Peru Central Bank Statement

Author: | Published: 19 Oct 2018
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Peru's growth in 2017 was 2.5%, below its potential, affected as it was by two large shocks: the El Niño phenomenon, which seriously damaged basic infrastructure and had a negative impact on consumption; and the Odebrecht corruption investigations, which hit Peru's most important construction companies. However, as their impact began to dissipate, growth recovered to 3.2% year-on-year in Q1 2018. Leading indicators (i.e., key aggregate variables such as electricity and cement consumption, imports, public investment and bank credit) point to close to 5% in Q2 2018. This rebound is supported by growing terms of trade, global recovery at a solid pace and an expansionary monetary and fiscal stance.

Since last year, the Central Reserve Bank of Peru (BCRP) cut interest rates six times (150 basis points), from 4.25% to 2.75%; a level considered appropriate as long as inflation remains on target and output is below potential. 12-month inflation was 1.4% in 2017 and 0.9% in May 2018, mainly due to the reversal of the sharp increase in food prices triggered by El Niño. Core inflation is at 2%, in the middle of the BCRP inflation target, and inflation expectations 12 months ahead are around 2.2%.

The BCRP also cut reserve requirement rates (RRRs). RRRs in domestic currency were reduced from 6.5% to 5% and the maximum average and marginal RRRs in foreign currency were cut from 65% to 36%. As a result of more expansionary domestic credit conditions, year-on-year credit expansion accelerated from 4.1% in April 2017 to 8.6% in April 2018, driven mainly by higher credit demand from the mining, manufacturing and service sectors and by a more expansionary monetary policy.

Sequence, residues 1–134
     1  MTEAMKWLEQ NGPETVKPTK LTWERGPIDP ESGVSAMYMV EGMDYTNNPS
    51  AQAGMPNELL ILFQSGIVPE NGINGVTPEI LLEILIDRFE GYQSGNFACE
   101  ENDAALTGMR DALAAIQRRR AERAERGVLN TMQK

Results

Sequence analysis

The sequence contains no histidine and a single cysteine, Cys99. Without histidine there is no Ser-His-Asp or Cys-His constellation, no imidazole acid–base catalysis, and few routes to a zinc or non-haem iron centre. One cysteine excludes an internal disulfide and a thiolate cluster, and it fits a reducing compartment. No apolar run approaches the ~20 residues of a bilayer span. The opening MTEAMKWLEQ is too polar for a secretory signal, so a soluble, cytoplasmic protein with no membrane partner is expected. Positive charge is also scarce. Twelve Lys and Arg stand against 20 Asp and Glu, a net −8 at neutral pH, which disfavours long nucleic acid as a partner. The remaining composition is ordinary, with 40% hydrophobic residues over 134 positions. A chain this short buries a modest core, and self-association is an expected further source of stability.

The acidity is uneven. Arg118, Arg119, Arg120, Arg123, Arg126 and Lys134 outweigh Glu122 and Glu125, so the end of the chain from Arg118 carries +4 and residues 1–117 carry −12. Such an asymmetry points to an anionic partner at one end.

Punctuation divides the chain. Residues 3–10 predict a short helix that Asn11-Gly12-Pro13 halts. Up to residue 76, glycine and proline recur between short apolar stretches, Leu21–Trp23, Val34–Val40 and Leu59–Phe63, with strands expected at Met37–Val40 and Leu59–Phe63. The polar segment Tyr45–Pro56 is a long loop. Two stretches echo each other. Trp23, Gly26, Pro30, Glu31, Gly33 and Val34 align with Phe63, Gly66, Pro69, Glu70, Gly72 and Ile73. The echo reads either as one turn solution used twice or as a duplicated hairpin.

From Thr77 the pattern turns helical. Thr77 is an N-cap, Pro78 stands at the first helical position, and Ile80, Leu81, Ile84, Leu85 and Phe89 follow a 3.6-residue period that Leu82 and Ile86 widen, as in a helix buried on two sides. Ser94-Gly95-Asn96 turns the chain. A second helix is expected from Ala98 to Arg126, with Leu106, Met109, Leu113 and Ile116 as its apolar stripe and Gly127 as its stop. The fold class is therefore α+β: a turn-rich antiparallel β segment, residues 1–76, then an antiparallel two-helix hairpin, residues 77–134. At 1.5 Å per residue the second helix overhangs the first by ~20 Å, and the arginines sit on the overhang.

Fiscal policy is also supporting the recovery. The BCRP estimates a fiscal impulse of 0.4 points of GDP in 2018, which is consistent with 12.6% and 3.6% increases in public investment and consumption, respectively. Public investment will be driven mainly by the reconstruction of infrastructure destroyed in 2007 by the El Niño phenomenon.

The rebound in commodity prices also explains in part the cyclical recovery in Q2 2018. However, in contrast with the previous period of high commodity prices, this time global financial conditions are not equally expansionary. Therefore, for sustaining medium-term growth at around 6% –which is feasible, given Peru's potential, particularly in agroindustry– it is critical to press forward with structural reforms, particularly in the labour market. It is also crucial to cut red tape and improve the quality of public goods. Otherwise, the BCRP expects medium-term growth to stabilise at 4.5%-5.0%.

Good times are not without challenges. The BCRP foresees some volatility in financial markets, triggered by the reversal of the Fed's expansionary monetary policy. However, since 2009 Peru has enhanced its macroeconomic buffers, particularly international reserves and fiscal savings, and has significantly reduced vulnerabilities such as high financial dollarization. Dollarization in Peru has declined to 29% (with household credit dollarization currently at 11%), which significantly reduces bank assets' exposure to sudden exchange rate fluctuations. Additionally, Peru maintains international reserves close to 28% of GDP (more than five times external short-term liabilities); and net public debt has decreased to 10% of GDP.